Rescue Made Despite Aftershocks in Italy

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Strong aftershocks continued to shake Italy, Tuesday, as crews searched through rubble for survivors following an earthquake in the country early Monday morning.

Despite the conditions, rescuers managed to pull a 20-year-old student from a collapsed building.  She had been trapped since the main quake hit about 42 hours earlier.

Rescue and recovery efforts were fully underway when the first reported aftershock --somewhere between a magnitude 5.5 and 5.7-- was felt in L'Aquila and Rome.  The deadly earthquake that leveled buildings and neighborhoods the day before was a magnitude 5.8.

Thousands are hurt and homeless because of the quake and the death toll is still climbing.  By Tuesday evening, the death toll had climbed to 235.

Click play to watch the John Jessup's report.  Also, click here to watch more on the rescue efforts in Italy with David Darg of Operation Blessing.

In the frantic search for survivors, the aftershock make the rescue effort even more difficult and dangerous.

In some cases, workers are finding survivors.  Rescue workers pulled two women from the ruins of this collapsed college dormitory overnight.  But others are still missing.

"There are a lot of people dead," said one witness. "Their are young people. Young people dead."

Quake Came in The Night

The earthquake struck in the middle of the night

"It was like a bomb dropping and the whole house was shaking," said one survivor.

The quake destroyed more than 10,000 buildings in more than 20 cities and forcing thousands out of their homes and into the streets.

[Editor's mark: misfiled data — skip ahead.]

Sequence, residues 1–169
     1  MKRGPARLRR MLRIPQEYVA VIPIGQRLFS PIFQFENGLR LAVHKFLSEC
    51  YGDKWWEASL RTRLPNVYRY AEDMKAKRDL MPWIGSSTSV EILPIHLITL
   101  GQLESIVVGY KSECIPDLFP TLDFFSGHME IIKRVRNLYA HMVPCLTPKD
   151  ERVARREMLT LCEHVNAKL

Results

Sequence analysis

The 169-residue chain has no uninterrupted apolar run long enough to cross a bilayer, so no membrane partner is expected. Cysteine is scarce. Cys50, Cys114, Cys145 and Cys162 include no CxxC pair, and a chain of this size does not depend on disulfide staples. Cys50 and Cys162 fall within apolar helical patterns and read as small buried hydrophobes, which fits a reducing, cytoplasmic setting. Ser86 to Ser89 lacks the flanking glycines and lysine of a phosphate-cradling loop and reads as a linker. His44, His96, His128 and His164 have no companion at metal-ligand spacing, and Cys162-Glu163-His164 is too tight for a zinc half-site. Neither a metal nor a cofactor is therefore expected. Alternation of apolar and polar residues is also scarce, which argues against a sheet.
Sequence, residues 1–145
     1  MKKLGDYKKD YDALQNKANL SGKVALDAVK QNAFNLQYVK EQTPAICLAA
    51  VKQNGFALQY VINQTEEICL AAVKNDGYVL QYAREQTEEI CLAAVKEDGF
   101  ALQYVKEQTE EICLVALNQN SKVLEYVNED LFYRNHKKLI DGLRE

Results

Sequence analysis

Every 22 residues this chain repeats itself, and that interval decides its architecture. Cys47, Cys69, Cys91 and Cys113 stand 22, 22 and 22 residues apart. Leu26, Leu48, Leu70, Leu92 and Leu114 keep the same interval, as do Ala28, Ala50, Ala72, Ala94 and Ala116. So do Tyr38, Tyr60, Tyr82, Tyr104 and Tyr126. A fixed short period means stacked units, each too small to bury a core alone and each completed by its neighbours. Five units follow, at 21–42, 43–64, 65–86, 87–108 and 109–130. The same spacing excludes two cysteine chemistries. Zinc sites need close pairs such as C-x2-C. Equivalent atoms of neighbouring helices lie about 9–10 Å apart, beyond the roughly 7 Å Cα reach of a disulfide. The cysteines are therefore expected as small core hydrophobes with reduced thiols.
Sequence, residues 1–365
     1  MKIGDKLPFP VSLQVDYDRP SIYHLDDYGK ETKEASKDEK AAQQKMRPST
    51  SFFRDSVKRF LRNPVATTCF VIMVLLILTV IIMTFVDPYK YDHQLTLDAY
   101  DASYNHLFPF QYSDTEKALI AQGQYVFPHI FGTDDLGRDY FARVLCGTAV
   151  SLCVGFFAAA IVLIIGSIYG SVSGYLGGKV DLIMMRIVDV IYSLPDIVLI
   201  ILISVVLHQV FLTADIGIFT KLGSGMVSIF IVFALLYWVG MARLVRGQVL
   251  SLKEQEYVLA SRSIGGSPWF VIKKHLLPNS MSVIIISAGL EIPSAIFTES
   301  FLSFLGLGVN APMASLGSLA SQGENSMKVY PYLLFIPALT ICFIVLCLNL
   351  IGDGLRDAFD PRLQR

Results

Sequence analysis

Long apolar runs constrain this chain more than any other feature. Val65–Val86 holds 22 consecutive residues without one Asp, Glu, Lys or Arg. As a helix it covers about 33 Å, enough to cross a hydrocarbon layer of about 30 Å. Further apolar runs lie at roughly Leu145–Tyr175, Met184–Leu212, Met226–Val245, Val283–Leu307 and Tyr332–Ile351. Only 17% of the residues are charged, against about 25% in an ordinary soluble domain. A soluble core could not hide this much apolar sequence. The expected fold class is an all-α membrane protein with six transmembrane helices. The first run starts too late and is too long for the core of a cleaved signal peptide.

The mayor of L'Aquila, located about 70 miles north of Rome where the epicenter hit, said 100,000 people are homeless.

The first night after the quake, survivors slept in tents on the outskirts of town.

"We gave shelter to elderly people and children, while we wait for more tents for everybody," said Paolo Diani, camp coordinator. "And the tents will arrive tomorrow for all the population."

Diani says they did not have enough tents for everyone, so priority was given to the elderly and chiildren. More tents will be available Tuesday night.

History Now in Ruins

Adding insult to injury is the quake's cultural cost.  Many of the buildings that were destroyed were historic, centuries old homes, castles and churches now nothing more than ruins.

Italy's prime minister has pledged tens of millions to rebuild the area.

The outpouring of help has been both big and small is playing out across the world.

One woman was collecting for quake victims on the streets of New York City.

"Would you like to donate something for the people in italy?," she asked passers-by.

"Whenever tragedy happens around the world, you feel it," said New York City business owner David Greco. "But for little Italy, whatever happens in Italy, you feel it a little closer."

And now there are reports that there were warnings about the earthquake as recent as last month, when an Italian seismologist went around town with loudspeakers predicting a large earthquake, but he was reported to police for spreading alarm.

At the time, the agency charged with assessing seismic risks said it found no reason for alarm.

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